If you were to change one thing that affects young people today, what would it be?

I’d say education. At the moment, I feel that education in the UK isn’t equitable, instead young people are seen as receptacles that are spoon-fed information which they then have to regurgitate every year, two years, or at the end of their school life. There may be some credence and mileage in that, but to me, there’s more on top of it. Education needs to be a bit more holistic and focus on emotional intelligence, non-cognitive skills, resilience, confidence and grit. It needs to empower young people to achieve and recognise that this achievement can come in all forms, it doesn’t have to just be in school or academic. In essence, education needs to be from the inside out.


What do you think youth work will look like five years from now?

There are lots of exciting changes in Manchester right now, with things like devolution and Horizon 2020 coming up, which will definitely have a positive impact. I suspect there will be more spaces for young people and more emphasis on consulting with them and making them feel in the thick of what is happening in their city.

I think there will also be more emphasis on joined-up working. This has always happened in youth work, but its importance has really started to hit home in the voluntary sector in light of the pressures facing local authorities and other public bodies. I can also see there being more emphasis on street-based work i.e. detached, face-to-face outreach contact work and also a more clinical approach to youth work. Youth workers are providing more therapeutic interventions – like our new MindSteps programme that has just started in Salford – because a lot of young people are suffering low-level mental health issues as a result of localised and global trauma. This may be as a result of things they see in the media and also things they may experience in and out of the home such as domestic abuse, something we are aiming to alleviate in Tameside through our ReSPECTful Relationships awareness toolkit.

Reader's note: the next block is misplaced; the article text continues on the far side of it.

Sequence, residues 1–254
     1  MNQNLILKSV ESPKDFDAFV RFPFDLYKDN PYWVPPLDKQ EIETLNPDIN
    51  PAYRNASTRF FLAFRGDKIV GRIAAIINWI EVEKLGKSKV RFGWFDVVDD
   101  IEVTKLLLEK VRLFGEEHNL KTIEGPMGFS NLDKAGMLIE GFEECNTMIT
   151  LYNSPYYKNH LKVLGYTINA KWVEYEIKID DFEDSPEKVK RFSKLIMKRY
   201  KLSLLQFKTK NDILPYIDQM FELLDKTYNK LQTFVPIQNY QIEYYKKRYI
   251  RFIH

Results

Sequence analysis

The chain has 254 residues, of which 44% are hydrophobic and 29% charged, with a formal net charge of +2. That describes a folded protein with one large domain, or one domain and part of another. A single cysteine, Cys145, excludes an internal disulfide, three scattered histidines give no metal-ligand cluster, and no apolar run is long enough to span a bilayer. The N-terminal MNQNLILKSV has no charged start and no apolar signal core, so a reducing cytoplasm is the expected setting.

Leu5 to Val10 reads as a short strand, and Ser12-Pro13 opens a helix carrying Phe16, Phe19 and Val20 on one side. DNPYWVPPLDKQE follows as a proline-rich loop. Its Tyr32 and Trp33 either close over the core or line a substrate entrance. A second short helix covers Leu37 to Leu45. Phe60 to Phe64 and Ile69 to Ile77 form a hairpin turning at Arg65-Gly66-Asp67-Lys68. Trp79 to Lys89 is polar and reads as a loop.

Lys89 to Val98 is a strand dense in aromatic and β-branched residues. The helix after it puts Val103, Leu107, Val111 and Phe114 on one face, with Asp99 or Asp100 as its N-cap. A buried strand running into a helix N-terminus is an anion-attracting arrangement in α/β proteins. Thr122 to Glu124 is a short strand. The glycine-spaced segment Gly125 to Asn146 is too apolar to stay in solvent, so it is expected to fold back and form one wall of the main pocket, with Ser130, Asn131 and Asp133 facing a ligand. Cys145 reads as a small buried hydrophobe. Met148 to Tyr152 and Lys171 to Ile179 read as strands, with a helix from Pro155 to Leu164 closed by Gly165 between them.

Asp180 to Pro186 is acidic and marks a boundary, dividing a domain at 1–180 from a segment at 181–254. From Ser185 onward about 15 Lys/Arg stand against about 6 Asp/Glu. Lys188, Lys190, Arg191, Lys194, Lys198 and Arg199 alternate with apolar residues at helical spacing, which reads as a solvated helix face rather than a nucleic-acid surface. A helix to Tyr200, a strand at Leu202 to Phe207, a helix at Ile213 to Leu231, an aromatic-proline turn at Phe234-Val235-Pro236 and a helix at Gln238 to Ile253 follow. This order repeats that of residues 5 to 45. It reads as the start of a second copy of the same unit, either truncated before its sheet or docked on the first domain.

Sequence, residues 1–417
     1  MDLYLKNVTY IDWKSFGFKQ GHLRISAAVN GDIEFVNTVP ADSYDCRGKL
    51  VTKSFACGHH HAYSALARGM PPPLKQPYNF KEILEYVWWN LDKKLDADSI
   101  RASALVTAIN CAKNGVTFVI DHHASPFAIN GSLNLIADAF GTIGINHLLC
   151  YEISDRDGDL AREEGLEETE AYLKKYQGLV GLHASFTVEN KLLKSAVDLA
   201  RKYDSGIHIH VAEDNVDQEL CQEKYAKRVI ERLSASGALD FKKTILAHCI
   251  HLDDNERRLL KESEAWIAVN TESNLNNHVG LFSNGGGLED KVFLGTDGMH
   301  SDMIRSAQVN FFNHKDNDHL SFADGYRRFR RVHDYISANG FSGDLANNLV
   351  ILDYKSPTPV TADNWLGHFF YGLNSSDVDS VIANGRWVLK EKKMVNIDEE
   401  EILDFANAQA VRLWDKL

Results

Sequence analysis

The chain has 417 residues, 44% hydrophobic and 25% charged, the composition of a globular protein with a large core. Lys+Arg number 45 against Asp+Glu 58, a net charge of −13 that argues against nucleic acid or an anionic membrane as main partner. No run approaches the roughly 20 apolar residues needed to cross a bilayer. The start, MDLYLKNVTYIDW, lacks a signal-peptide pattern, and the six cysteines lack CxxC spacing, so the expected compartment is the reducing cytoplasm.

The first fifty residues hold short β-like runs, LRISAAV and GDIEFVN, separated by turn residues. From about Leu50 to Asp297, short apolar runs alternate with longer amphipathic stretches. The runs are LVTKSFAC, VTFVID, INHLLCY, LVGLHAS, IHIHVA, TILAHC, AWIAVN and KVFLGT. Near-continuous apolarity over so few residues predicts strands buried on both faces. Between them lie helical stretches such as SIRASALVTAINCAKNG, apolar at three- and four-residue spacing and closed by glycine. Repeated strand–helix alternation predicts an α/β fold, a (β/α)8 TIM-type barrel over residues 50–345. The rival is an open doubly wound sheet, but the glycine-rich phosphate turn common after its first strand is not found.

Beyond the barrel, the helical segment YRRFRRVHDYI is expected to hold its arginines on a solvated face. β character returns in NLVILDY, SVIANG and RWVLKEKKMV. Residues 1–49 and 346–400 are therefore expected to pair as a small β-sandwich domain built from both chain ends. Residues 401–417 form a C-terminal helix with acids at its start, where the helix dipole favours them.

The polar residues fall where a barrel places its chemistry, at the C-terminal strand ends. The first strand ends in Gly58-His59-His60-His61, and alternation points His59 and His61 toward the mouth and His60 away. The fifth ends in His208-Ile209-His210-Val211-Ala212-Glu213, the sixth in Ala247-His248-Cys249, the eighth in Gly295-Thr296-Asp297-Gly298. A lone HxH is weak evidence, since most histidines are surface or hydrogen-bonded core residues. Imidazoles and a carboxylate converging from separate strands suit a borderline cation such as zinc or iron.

In summary, I think there will be more access and more emphasis on youth work both in Manchester and nationally and I really hope to be part of it.

 
Find out more about all of our youth work services at the Groundwork MSSTT website.


Guest post by the Communications team at Groundwork MSSTT